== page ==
Figure 7.1.2 Right Cranial Nerve III Palsy with Aberrant Regeneration

Figure 7.1.2
Right Cranial Nerve III Palsy with Aberrant Regeneration

A. Patient looking in primary position. Note the mild right upper lid ptosis and slightly dilated right pupil, consistent with a compressive cause.
B. Patient looking to the left (adduction). Note that the right pupil constricts (due to co-contraction of the parasympathetic fibres going to the pupillary sphincter). The right upper lid demonstrates prominent elevation (from co-contraction of the levator palpebrae). The adducting saccadic velocity of the right eye is reduced from incomplete recovery of the medial rectus function.
C. Patient is looking to the right (abduction). Note that right pupil is again slightly dilated and the right upper lid demonstrates mild ptosis, the same as they were in primary position (since there is no longer any firing of the oculomotor nerve).
D. Patient is looking up. The right pupil constricts and the upper lid elevates more than the left upper lid.
E. Patient is looking down. The right pupil constricts and the upper lid elevates more than the left upper lid.

CNIV Palsy

Look for a concomitant CNIV palsy:

Look for intorsion (by observing the movement of the vessels on the conjunctiva) during attempted depression in abduction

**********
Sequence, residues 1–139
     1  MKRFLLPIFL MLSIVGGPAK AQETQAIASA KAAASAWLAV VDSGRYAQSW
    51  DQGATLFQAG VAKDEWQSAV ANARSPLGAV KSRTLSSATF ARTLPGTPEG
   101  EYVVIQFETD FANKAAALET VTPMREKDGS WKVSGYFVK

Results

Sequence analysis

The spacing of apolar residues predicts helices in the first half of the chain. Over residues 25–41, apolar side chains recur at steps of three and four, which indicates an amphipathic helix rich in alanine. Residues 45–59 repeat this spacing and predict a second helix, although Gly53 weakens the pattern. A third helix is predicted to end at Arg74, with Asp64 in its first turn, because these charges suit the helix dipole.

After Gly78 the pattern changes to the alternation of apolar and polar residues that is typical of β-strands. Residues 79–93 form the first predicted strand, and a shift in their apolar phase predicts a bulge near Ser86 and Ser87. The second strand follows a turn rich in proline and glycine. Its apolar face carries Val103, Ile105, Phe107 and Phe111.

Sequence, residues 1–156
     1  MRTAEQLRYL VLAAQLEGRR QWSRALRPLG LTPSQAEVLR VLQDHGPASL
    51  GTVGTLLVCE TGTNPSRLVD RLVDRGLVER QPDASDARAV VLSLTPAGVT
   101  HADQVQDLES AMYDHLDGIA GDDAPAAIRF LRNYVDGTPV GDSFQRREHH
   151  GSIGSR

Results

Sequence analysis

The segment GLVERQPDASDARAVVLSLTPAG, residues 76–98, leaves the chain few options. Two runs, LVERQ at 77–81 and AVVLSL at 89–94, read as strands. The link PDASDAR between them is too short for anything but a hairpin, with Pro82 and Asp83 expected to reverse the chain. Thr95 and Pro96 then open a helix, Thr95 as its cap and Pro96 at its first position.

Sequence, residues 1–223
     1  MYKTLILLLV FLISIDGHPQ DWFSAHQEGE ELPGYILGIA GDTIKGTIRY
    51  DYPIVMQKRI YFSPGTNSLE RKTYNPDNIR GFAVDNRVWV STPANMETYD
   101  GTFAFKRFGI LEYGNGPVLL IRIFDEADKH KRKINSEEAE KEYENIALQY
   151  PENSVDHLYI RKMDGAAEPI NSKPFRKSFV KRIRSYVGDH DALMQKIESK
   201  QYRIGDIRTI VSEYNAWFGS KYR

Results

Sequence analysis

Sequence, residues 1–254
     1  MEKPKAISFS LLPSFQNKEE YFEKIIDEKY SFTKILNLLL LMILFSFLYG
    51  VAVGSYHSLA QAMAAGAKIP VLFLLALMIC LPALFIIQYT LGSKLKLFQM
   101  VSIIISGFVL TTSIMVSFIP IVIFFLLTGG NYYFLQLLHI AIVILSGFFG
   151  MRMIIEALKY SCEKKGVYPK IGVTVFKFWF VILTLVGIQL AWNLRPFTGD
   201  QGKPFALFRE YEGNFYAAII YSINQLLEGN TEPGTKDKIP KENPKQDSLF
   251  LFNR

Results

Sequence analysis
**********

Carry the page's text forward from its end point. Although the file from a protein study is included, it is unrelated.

Check fundus to see if fovea is still (normally) below the optic disc (SO / CNIV and SR / CNIII intort the eye. Loss of intorters will cause fovea to be above the optic disc).

NB: This is only helpful in a complete CNIII palsy. If it is a partial CNIII palsy with SR still functional, this does not apply as the SR will still intort and hence the fovea will not necessarily be above the optic disc.


1. Complete CNIII Palsy

  • Complete ptosis
  • Pupil normal or enlarged
  • Complete external ophthalmoplegia – no elevation, depression or adduction. Intact intorsion on attempted downgaze in abduction (CN IV) and abduction (CN VI)

2. Partial CNIII Palsy

  • Can present with any deviation except ET
  • Pupil enlarged


  • Right or left
  • Pupil involving or sparing
  • Complete or incomplete
  • Isolated or other associated CN palsies
  • ± Aberrant regeneration?


Don’t miss: GCA, Aneurysm, Pituitary apoplexy, cavernous sinus thrombosis.

1. Idiopathic

2. Pupil Sparing (“Medical” Causes)


HT, Cholesterol, DM, smoking


GCA, Vasculitis, Sarcoidosis


HZO, Syphilis

3. Pupil Involving (“Surgical” > “Medical” Causes)


Posterior communicating artery aneurysm (assume this unless proven otherwise), ICA aneurysm, Subarachnoid haemorrhage, carotico-cavernous fistula, cavernous sinus thrombosis, pituitary apoplexy


Glioma, meningioma, nasopharyngeal carcinoma


IOID (Tolosa-Hunt syndrome)


Meningitis / encephalitis / abscess

Trauma / Surgical

Subarachnoid, extradural haemorrhage → uncal herniation

NB: Pain does not distinguish between ischaemic microvascular disease and a compressive lesion.


  1. CT(A) / MRI(A) [i] brain – must be with contrast agent
    1. Pupil involving
    2. Pupil sparing partial
    3. Pupil sparing complete AND:
      1. <50 years
      2. Other CN palsies
      3. Progressive
      4. Aberrant regeneration